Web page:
3. If the 2nd decides to file a judgment against you, you will either have to pay the loan in full, work out a payment plan, a settlement or file bankruptcy. And yes, if you do nothing they can garnish your wages so they will get paid. They can’t force you to sell your other properties or assets, but the judgment requires you to pay them back which means you’ve got to come up with the money somehow. So no, they can’t come after your other asset directly, unless they were also pledged as collateral for the loan, however in many cases you will be forced to sell assets to pay off the judgment. This is why most homeowners simply file bk.

4. There are ways to avoid the judgment. One would be to do a short sale that would satisfy the loan. The short sale process has been taking a very long time lately, but is a better option than doing nothing. Benefits would be that you walk away without a foreclosure on your record and the mortgage(s) being satisfied so worst case you get a 1099 for the difference. But even this can be negated with the current laws in place. The only problem with a short sale is that you have to move out. Sometimes this might be a good thing if you are over-extended as it is.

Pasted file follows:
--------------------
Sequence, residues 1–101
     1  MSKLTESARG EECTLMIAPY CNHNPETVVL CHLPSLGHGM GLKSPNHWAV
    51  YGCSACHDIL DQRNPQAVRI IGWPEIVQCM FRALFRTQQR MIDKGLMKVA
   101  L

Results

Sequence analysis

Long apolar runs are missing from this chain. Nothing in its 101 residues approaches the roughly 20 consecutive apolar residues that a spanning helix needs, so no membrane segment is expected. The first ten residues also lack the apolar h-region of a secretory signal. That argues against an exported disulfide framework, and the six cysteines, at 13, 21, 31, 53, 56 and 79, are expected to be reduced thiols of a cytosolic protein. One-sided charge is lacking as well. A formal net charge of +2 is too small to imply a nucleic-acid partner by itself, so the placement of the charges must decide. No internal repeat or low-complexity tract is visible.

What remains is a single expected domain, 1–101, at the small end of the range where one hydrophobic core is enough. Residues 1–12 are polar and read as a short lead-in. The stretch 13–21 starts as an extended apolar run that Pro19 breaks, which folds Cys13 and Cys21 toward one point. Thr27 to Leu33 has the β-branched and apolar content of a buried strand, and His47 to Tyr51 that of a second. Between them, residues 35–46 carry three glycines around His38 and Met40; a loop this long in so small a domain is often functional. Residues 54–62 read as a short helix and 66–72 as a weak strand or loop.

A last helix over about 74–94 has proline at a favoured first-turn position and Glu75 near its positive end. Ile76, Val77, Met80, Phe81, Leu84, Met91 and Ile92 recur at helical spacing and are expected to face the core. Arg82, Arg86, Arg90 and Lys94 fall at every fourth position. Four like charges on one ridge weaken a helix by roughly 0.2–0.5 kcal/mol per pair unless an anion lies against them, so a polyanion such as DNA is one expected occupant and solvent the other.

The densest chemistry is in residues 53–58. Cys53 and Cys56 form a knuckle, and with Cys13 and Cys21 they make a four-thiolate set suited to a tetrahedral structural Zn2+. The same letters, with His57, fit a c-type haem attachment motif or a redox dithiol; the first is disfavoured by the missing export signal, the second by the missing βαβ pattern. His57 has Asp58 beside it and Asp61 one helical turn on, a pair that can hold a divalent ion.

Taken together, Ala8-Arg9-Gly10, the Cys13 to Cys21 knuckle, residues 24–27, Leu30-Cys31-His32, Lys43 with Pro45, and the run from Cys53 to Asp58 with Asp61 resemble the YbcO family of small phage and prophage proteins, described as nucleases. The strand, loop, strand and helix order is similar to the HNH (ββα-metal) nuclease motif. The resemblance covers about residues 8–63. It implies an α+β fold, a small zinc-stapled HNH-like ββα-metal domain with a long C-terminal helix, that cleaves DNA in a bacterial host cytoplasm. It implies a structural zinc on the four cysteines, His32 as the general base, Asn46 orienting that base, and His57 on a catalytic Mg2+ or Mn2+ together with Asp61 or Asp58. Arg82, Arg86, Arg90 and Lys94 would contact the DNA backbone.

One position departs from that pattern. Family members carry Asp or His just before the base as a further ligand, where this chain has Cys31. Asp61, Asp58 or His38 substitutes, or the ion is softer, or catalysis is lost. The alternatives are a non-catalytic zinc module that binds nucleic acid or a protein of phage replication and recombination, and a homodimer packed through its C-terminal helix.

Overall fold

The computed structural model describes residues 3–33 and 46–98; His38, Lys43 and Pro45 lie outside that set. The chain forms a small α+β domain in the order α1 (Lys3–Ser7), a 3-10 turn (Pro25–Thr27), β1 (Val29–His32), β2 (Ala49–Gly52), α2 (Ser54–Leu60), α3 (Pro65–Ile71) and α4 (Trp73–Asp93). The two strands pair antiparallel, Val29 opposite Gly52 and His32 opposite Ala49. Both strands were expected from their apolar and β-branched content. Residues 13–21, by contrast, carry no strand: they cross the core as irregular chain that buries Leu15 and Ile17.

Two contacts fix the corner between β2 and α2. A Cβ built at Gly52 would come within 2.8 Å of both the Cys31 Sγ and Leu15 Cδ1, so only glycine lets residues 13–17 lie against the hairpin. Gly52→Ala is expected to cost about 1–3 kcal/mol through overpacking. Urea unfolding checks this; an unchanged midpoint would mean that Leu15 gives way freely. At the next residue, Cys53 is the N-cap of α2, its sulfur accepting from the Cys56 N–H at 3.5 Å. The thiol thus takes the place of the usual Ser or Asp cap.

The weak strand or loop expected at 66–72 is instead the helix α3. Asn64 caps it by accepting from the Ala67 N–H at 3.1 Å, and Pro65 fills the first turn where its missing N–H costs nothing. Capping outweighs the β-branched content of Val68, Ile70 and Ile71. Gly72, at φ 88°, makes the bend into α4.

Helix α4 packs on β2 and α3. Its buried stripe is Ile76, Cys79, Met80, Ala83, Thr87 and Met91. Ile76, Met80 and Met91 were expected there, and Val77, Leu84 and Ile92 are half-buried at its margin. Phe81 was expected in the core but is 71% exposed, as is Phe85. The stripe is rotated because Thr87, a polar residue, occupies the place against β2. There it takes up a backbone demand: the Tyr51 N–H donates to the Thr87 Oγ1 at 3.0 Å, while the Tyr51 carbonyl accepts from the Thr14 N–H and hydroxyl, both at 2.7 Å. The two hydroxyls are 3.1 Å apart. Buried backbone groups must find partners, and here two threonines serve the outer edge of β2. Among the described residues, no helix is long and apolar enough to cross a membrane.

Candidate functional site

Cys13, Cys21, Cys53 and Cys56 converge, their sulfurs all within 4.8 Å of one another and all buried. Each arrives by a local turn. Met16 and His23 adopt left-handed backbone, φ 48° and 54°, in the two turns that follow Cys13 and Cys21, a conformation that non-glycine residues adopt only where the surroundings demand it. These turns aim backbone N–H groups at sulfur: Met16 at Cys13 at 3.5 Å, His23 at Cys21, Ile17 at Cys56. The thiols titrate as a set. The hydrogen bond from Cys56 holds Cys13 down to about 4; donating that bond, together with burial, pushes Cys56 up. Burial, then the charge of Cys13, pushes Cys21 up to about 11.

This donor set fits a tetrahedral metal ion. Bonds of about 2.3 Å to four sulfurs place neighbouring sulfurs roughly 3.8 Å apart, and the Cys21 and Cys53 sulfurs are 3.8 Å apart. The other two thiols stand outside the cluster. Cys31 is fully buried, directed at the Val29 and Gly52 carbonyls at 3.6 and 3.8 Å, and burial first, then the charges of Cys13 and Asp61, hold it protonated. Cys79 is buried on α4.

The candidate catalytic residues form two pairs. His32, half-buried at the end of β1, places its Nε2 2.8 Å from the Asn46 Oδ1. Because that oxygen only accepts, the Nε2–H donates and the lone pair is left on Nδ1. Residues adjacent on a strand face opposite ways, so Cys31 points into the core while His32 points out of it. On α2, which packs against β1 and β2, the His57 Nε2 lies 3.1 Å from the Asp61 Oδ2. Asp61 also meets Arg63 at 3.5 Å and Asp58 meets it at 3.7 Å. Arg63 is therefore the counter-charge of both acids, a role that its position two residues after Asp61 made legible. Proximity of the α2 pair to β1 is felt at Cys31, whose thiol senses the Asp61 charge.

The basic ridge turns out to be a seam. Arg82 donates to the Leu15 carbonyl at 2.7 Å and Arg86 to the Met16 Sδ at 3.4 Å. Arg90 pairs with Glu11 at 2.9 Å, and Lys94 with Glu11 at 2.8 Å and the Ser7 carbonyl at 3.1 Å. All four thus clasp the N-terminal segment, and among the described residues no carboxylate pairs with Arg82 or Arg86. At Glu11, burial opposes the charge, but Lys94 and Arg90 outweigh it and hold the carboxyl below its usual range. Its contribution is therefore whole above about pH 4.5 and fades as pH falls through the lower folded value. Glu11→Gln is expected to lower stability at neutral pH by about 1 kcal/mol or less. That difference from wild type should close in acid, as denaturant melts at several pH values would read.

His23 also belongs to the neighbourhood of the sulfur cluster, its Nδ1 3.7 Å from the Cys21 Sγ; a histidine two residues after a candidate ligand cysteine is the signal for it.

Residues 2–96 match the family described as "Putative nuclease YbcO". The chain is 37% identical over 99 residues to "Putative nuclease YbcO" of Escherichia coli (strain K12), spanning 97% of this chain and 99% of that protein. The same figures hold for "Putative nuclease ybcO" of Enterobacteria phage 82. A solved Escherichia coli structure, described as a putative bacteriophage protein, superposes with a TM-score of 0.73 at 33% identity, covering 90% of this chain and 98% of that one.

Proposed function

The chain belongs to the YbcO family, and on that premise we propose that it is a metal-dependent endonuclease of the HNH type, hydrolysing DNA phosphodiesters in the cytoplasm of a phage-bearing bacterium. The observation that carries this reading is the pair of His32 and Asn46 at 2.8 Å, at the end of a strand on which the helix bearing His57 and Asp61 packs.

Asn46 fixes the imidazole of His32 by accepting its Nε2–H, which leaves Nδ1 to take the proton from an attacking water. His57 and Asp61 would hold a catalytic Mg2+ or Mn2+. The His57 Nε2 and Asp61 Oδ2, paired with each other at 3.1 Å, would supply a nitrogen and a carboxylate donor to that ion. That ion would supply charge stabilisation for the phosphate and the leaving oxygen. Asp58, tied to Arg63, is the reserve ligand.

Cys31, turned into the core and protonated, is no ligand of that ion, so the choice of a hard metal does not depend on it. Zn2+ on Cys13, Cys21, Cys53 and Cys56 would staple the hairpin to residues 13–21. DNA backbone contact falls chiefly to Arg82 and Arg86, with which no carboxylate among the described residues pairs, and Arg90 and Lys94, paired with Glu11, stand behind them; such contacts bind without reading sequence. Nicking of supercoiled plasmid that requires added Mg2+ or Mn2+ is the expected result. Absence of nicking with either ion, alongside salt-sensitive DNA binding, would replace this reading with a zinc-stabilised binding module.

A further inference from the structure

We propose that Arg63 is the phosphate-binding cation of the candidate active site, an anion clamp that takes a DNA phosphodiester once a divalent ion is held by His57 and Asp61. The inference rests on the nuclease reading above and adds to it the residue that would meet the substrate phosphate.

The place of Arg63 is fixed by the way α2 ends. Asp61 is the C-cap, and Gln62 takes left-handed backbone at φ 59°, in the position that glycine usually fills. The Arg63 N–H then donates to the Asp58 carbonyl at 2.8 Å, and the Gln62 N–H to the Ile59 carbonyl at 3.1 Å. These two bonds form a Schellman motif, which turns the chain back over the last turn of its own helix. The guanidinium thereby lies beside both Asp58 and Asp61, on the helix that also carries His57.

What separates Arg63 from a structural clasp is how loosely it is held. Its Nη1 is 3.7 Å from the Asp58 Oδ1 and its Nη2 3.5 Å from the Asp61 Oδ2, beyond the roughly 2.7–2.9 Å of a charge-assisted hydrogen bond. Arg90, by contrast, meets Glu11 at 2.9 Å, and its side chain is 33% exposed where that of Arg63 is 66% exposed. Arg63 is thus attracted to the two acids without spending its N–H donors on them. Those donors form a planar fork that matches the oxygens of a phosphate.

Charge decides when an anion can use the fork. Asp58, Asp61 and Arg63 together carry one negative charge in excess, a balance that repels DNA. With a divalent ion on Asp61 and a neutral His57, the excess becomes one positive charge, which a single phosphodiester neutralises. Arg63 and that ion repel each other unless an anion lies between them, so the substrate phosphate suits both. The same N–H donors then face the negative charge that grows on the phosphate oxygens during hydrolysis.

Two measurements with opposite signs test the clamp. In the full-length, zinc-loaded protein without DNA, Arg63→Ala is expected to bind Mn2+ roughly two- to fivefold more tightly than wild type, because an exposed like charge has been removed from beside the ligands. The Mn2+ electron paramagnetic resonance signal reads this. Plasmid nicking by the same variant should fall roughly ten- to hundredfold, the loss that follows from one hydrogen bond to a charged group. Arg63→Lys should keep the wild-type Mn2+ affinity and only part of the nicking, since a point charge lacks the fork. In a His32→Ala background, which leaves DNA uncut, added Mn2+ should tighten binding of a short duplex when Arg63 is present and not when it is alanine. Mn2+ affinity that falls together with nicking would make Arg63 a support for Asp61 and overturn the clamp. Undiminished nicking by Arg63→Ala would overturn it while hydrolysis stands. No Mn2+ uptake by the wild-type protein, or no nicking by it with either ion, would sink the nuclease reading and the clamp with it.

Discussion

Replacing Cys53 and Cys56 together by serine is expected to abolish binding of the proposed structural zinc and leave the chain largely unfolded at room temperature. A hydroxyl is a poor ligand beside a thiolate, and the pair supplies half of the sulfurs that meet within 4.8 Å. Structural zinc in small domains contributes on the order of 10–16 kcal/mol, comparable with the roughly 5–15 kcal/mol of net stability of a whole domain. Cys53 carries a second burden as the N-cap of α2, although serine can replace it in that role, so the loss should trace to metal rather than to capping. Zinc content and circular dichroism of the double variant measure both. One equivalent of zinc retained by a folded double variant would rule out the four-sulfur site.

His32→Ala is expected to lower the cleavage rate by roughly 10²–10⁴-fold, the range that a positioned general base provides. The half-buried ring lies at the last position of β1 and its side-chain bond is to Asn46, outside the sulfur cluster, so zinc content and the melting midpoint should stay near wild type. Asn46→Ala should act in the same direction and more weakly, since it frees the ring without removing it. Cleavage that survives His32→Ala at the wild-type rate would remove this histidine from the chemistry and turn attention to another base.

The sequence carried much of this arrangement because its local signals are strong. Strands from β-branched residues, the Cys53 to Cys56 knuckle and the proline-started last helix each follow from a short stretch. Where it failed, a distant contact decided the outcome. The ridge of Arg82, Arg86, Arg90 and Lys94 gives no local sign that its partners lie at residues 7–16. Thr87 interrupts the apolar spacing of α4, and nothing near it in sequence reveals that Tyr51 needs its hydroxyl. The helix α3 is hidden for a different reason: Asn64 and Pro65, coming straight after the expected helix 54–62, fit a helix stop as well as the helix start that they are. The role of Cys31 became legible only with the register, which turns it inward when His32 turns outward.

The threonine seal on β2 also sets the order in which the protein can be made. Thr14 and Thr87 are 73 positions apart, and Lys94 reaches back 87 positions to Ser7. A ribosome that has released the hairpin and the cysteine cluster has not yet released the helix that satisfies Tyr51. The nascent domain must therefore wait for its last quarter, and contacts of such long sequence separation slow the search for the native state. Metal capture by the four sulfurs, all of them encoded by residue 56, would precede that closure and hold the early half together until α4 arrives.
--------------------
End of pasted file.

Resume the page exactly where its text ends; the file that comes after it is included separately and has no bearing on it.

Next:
Another option is a loan modification, although these can be very frustrating and very rarely do they ever go through. You can call you lender, let them know your hardship and ability to pay to see if they will lower your payments. This is usually a temporary solution. In your specific case where you have negative equity, a note settlement would be a great option.

A note settlement is when you settle or eliminate the 2nd mortgage completely. By eliminating your 2nd mortgage or heloc, you’ll at least get rid of the negative equity and have a better chance of selling it or keeping it. This option allows you to stay in your home and it doesn’t affect your credit because you are paying the bank off in full. No judgments, no 1099, no more 2nd mortgage because you paid it off. It will cost you anywhere from 10% to 15% of the original note amount in order to pay if off so in this case $20K – $30K. Even if you don’t have the money saved up to pay this amount, there are note investor networks that will pay it off and basically become the 2nd lien holder and you would make payments to them. I guarantee the payment on a 30K note would be a lot less than the payments on a $175K note.